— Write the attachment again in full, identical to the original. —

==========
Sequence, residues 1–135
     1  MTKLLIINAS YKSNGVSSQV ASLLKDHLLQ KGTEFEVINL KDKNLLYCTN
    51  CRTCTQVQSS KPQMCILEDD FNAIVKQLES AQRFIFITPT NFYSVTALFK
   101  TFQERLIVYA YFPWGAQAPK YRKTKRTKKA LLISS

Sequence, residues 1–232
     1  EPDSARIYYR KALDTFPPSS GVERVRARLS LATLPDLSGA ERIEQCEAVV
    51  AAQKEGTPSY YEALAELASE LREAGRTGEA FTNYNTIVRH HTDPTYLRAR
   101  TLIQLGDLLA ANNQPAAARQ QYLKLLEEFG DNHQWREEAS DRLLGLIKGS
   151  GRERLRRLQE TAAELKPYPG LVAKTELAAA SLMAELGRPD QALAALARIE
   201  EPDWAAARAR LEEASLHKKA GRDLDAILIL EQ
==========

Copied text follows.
Sequence, residues 1–135
     1  MTKLLIINAS YKSNGVSSQV ASLLKDHLLQ KGTEFEVINL KDKNLLYCTN
    51  CRTCTQVQSS KPQMCILEDD FNAIVKQLES AQRFIFITPT NFYSVTALFK
   101  TFQERLIVYA YFPWGAQAPK YRKTKRTKKA LLISS

Sequence, residues 1–232
     1  EPDSARIYYR KALDTFPPSS GVERVRARLS LATLPDLSGA ERIEQCEAVV
    51  AAQKEGTPSY YEALAELASE LREAGRTGEA FTNYNTIVRH HTDPTYLRAR
   101  TLIQLGDLLA ANNQPAAARQ QYLKLLEEFG DNHQWREEAS DRLLGLIKGS
   151  GRERLRRLQE TAAELKPYPG LVAKTELAAA SLMAELGRPD QALAALARIE
   201  EPDWAAARAR LEEASLHKKA GRDLDAILIL EQ